The craft of acting is frequently likened to the craft of art. Actors' portrayals are often described as character sketches — whether they're broad-stroke caricatures or finely detailed, fully fleshed-out portraits.
So is it any wonder that actor Nehemiah Persoff — who could fill several galleries with the hundreds of characters he's limned on stage, screen, and television — should take up watercolor painting?
Bay Area audiences have seen the 76-year-old actor on the stage in "I'm Not Rappaport," "Sholem Aleichem," and "Two." They've heard him as the voice as Papa Mousekowitz in Steven Spielberg's "Fievel" films. And they've watched him in more than 400 TV shows, including "Gunsmoke," as well as in such films as "Yentl," "On the Waterfront, " "The Harder They Fall" and "Some Like It Hot."
Now, Bay Area art appreciators will have the opportunity to become familiar with Persoff's painting talent. His first local exhibition opens Sunday, Oct. 22 at Alef Bet Judaica Gallery in Los Gatos. Although seven of his seascapes and landscapes are already on display at the 1,500-square foot gallery and store, the actor-painter will supply 10 more works for the official opening of the show, which will run at least through Chanukah. Persoff also promises to attend the 3:30 to 7 p.m. opening reception.
Nurit Sabadosh, the owner of Alef Bet, was introduced to Persoff's paintings by his art teacher, Jacque Brackett. An occasional visitor to the store, Brackett noticed there were other artists' works on display, and while chatting with Sabadosh, told her about Persoff's paintings. On a later visit she brought slides of the actor's work, which impressed Sabadosh for their "nice combination of pastel colors, whether they show an Arizona sunset, a stormy ocean, or a peaceful beach," she said.
Persoff, who moved from his native Jerusalem to New York at the age of 9, first took up his watercolor brush five years ago, after he moved from Los Angeles to Cambria. His move to the coastal town six miles south of San Simeon was on doctor's orders. After watching him perform in a one-man show in San Diego, the doctor took Persoff's blood pressure backstage after the performance. He told the actor to slow down and relax.
"So I decided I would rather cut short the run of the show than cut short the run of my life," Persoff said during a phone interview from Cambria. Soon after he moved there, he met artist Art van Rhyn, who invited him to spend a day in nature with a group of watercolor artists.
Persoff was no stranger to art. He had studied sketching in 1985 in Los Angeles, and as a young struggling actor, he had posed for painters who worked out of studios in the Janice building near Manhattan's Union Square. And of course as a stage actor he had spent a lot of time around set designers, many of whom are accomplished artists.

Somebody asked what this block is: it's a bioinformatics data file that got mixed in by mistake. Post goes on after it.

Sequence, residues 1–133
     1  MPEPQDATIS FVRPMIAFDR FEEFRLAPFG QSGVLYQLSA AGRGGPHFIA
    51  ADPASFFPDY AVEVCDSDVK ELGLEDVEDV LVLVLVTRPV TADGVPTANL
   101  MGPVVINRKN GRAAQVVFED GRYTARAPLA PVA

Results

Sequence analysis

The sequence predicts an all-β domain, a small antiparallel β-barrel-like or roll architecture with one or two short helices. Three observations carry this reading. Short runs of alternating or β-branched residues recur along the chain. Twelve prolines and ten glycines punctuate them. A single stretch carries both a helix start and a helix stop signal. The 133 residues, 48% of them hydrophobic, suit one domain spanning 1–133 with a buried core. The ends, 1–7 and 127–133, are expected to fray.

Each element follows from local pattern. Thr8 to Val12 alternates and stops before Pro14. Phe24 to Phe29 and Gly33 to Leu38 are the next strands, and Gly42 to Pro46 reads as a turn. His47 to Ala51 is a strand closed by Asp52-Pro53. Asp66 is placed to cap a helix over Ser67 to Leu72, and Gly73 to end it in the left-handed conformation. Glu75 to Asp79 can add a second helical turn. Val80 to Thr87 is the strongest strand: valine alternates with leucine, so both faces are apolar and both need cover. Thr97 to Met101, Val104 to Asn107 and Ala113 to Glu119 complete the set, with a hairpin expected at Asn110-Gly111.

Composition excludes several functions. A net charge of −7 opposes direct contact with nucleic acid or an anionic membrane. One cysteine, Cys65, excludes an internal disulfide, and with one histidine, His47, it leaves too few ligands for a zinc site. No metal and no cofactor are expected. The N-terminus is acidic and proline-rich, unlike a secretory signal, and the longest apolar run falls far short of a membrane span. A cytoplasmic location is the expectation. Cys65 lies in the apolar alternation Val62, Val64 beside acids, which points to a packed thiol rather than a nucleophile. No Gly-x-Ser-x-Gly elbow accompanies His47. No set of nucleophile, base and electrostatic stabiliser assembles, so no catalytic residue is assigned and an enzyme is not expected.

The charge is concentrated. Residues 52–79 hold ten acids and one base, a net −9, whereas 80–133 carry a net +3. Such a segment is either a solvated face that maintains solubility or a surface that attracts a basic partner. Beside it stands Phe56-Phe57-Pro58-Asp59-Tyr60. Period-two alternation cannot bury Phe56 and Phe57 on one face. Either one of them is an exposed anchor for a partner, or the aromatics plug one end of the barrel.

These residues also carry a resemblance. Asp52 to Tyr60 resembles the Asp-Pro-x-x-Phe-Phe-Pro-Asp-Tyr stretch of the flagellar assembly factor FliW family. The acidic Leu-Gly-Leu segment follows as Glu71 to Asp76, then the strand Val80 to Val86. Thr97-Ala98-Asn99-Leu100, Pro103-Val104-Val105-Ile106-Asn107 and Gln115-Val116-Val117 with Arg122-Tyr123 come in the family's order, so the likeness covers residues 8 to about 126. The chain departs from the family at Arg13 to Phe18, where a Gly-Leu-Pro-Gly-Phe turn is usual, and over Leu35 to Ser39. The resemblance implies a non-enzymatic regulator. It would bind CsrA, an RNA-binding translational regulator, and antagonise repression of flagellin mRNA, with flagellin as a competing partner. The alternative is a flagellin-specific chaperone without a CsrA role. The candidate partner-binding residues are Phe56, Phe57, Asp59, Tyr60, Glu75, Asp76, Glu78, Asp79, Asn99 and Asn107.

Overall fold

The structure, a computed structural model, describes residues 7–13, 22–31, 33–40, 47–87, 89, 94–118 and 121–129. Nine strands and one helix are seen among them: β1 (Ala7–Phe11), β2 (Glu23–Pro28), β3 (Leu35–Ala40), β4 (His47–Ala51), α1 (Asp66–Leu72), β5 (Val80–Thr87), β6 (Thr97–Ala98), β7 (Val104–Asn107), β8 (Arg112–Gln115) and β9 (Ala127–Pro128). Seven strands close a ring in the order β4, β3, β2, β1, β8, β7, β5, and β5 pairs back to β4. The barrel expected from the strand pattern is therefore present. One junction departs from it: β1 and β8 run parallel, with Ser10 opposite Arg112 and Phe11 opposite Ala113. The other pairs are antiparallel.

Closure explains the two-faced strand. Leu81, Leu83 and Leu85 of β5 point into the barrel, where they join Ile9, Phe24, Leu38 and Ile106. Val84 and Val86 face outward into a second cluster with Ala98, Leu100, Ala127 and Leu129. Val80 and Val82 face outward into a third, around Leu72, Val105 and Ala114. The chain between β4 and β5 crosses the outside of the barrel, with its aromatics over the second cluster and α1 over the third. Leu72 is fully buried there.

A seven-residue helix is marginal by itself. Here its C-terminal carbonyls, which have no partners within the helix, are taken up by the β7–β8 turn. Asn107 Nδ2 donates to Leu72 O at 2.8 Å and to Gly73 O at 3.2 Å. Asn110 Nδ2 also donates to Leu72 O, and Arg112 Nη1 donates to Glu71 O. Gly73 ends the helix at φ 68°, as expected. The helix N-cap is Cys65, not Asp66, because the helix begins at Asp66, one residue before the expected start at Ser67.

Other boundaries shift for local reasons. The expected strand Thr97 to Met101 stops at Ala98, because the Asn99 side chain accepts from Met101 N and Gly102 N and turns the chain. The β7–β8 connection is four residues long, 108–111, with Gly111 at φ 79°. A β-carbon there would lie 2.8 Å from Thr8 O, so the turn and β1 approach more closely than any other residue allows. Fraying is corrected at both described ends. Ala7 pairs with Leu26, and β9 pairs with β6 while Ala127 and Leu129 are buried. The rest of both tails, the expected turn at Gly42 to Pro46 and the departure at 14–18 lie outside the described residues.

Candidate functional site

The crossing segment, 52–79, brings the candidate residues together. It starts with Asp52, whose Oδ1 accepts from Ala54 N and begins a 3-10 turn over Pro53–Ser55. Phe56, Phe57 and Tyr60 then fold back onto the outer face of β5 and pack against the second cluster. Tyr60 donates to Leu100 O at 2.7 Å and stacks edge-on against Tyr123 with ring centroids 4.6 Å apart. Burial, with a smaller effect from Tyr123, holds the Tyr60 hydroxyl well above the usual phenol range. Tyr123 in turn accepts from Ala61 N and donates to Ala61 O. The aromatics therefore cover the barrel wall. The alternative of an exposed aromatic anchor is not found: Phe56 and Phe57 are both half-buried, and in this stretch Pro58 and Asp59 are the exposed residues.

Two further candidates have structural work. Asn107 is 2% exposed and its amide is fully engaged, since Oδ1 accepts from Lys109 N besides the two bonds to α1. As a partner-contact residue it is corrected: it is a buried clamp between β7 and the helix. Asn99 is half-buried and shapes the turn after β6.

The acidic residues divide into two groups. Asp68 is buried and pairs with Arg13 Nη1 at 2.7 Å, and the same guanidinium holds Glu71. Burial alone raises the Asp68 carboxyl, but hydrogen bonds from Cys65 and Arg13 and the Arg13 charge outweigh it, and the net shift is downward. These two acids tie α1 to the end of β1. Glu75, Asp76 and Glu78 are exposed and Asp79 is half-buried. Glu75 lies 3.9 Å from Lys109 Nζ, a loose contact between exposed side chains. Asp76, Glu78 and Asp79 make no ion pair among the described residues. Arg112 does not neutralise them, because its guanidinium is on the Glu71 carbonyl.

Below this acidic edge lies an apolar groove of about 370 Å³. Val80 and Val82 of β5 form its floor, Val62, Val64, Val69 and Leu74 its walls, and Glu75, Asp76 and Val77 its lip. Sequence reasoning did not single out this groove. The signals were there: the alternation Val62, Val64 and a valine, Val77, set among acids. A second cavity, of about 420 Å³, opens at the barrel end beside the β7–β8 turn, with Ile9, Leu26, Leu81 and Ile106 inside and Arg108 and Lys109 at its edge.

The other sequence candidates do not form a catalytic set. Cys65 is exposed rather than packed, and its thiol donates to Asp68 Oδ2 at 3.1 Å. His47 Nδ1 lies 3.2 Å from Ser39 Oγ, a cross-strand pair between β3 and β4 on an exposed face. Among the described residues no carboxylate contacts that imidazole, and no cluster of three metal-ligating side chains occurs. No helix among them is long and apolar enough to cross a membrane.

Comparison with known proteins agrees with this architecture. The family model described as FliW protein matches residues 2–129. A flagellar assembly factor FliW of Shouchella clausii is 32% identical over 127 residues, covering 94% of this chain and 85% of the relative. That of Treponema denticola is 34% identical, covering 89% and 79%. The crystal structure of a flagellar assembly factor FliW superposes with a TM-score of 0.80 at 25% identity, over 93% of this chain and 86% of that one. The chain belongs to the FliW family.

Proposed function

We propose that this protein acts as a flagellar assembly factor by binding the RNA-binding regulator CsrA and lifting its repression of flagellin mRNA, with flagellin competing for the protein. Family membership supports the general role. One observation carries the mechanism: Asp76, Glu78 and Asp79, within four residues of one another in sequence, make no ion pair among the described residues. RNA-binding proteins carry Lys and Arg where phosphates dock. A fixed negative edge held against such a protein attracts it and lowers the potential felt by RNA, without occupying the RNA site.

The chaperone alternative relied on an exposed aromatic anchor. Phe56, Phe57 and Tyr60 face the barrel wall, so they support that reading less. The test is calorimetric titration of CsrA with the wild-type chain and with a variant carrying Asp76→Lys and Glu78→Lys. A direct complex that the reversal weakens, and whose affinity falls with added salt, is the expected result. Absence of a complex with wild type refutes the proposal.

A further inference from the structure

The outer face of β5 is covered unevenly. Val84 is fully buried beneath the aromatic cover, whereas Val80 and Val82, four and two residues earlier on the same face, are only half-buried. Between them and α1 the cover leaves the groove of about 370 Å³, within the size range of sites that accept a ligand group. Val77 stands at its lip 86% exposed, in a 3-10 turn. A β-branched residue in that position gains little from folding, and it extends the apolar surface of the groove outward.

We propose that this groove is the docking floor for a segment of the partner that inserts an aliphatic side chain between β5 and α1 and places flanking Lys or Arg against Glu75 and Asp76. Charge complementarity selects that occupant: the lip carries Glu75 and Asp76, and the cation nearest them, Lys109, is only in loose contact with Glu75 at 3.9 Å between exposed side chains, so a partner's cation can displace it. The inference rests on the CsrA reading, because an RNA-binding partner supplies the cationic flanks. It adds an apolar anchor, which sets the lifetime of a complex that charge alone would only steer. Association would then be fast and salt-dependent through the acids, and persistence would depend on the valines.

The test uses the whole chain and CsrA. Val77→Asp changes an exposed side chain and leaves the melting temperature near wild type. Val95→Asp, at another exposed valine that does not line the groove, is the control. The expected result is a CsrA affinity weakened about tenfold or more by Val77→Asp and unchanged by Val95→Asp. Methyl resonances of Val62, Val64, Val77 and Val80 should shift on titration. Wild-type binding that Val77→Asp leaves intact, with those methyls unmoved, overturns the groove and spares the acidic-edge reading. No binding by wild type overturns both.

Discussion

But Persoff had never been inspired to try watercolor painting until he saw members of van Rhyn's group turn out two or three paintings apiece before lunch. "They were beautiful," he commented. "All these different impressions of the same site."
In the ensuing five years, Persoff has created almost 100 paintings, selling around 20. His art has been displayed in several shows in Cambria, as well as in exhibitions in Paso Robles and Morro Bay. He has also been talking with San Francisco gallery owners who have expressed interest in mounting his work.
Although he has not experienced any direct correlation between the craft he uses as an actor and the one he employs as a painter, Persoff says he tries to give as much depth and complexity to his artistic subjects as he does to the stage and screen characters he portrays.
"If I'm playing a good guy, I'll try to show that he has some bad in him," Persoff said. "And if I'm playing a bad guy, I'll give him some dignity and love. I bring that same intention to my painting. If I'm painting an ocean in turmoil, I'll try to give the painting some measure of serenity."
Persoff credits his painting teacher with helping him to strengthen his basic technique, identify the narrative properties of colors, and develop a feeling of freedom and relaxation when he paints. Reached at her Cambria home, instructor Brackett praised what she called "the slant of happiness" in Persoff's paintings and said the "sense of joy" Persoff imparts to his subjects is his greatest strength as an artist. "It's funny that a man who has played so many villains has such a pure joy of heart," she observed.
One joyful result of Persoff's new career is the salutary effect it has had on his health: His blood pressure is now 130 over 80. But he said it has had another effect on his life as well. It has, figuratively, given him new eyes with which to see the world.
"Despite the fact that I've been an actor for more than 50 years, I'd never really looked at nature," Persoff confessed. "But now I see the light dancing on the trees, the light on the water and the rocks. Everything in life has taken on a completely different look."